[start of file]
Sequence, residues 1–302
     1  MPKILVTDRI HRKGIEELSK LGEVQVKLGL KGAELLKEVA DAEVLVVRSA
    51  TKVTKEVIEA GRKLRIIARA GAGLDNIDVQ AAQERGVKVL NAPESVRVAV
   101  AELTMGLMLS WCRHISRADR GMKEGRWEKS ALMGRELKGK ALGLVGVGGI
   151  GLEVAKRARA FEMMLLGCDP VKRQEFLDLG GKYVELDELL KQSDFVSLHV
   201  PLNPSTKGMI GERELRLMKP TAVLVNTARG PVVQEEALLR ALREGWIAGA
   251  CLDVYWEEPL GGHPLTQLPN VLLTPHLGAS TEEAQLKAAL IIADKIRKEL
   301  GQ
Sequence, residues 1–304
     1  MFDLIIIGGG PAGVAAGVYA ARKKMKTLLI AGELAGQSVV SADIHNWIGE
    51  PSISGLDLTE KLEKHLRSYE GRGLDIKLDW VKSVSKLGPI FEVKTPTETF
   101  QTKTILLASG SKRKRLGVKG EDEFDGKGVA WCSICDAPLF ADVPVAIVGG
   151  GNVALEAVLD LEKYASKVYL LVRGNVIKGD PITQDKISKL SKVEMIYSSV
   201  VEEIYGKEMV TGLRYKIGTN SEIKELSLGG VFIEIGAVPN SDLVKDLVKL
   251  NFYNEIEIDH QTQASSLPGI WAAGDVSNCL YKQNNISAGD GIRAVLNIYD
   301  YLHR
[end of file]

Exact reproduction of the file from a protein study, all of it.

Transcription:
Sequence, residues 1–302
     1  MPKILVTDRI HRKGIEELSK LGEVQVKLGL KGAELLKEVA DAEVLVVRSA
    51  TKVTKEVIEA GRKLRIIARA GAGLDNIDVQ AAQERGVKVL NAPESVRVAV
   101  AELTMGLMLS WCRHISRADR GMKEGRWEKS ALMGRELKGK ALGLVGVGGI
   151  GLEVAKRARA FEMMLLGCDP VKRQEFLDLG GKYVELDELL KQSDFVSLHV
   201  PLNPSTKGMI GERELRLMKP TAVLVNTARG PVVQEEALLR ALREGWIAGA
   251  CLDVYWEEPL GGHPLTQLPN VLLTPHLGAS TEEAQLKAAL IIADKIRKEL
   301  GQ
Sequence, residues 1–304
     1  MFDLIIIGGG PAGVAAGVYA ARKKMKTLLI AGELAGQSVV SADIHNWIGE
    51  PSISGLDLTE KLEKHLRSYE GRGLDIKLDW VKSVSKLGPI FEVKTPTETF
   101  QTKTILLASG SKRKRLGVKG EDEFDGKGVA WCSICDAPLF ADVPVAIVGG
   151  GNVALEAVLD LEKYASKVYL LVRGNVIKGD PITQDKISKL SKVEMIYSSV
   201  VEEIYGKEMV TGLRYKIGTN SEIKELSLGG VFIEIGAVPN SDLVKDLVKL
   251  NFYNEIEIDH QTQASSLPGI WAAGDVSNCL YKQNNISAGD GIRAVLNIYD
   301  YLHR